Mitt Romney (currently trailing incumbent President Obama by a whopping margin in the only poll that matters, Vegas bookmarkers) to the Michigan Wolverines.
The text reads "I have been a Michigan and a Wolverine fan for a long, long time" a statement the former Massachusetts governor, who was born in Michigan, made the last year.
This statement will not go down well amongst the passionate throngs of Buckeye nation.
The scribes are still as incisive, however, none more so than the Globe’s Pete Abrahams, who really gets dug in to his task as beat writer to the Sox. There is a really interesting, short and yet illuminating piece by him in the Globe online today, in which he praises several players for being a pleasure to deal with. Basically he breaks the clubhouse down into three parts. Those who were a pleasure to deal with, a secondary level who he makes a point of saying were also easy to deal with, and then a pointed few who he doesn’t mention at all.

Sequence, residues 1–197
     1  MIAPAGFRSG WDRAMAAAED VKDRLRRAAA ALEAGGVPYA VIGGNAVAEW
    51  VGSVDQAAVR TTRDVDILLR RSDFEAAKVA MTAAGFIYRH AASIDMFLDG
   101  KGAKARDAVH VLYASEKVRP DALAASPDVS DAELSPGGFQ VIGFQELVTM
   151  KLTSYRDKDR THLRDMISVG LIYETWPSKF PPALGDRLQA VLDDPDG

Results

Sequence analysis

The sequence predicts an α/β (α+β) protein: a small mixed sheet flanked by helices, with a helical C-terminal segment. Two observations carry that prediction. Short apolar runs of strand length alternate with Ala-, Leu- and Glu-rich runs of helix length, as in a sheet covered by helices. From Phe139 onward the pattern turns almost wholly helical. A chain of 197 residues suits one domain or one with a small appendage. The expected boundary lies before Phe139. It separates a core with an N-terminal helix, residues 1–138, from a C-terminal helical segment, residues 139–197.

Mr Abrahams obviously has to be careful about who he chastises for being difficult to deal with, assuming they are back next season and assuming he is covering the Red Sox in 2013. However, it can’t be ignored that he named so many players and left a small number out in the cold as it were.
despite Ian Poulter’s animated dramatics, most considered Europe completely down and out. The bookmakers had USA restrictive 1/5 favorites, with Europe available to back anywhere between 6 and 10 to 1. Come Sunday night, and Europe had hauled the USA all the way back in, to the point that Tiger Woods pathetic miss on the 18th meant Europe not only tied the US and retained the title, they won the tournament outright 14 ½ to 13 ½ .
A spectacular come-back for the ages, and, you would assume, headline news, right?
Visiting the US sporting media main pages today, it is very interesting to note that the US’s sports journalists appear to have run, scampered to the hills, their proverbial tails firmly between their legs. Is it embarrassment? Shame? Or just undignified, cowardly journalism? Instead of correctly acclaiming or at the very least tipping their caps to such a sensational come-back victory, the US sports media has simply avoided the topic of the Ryder Cup like the plague.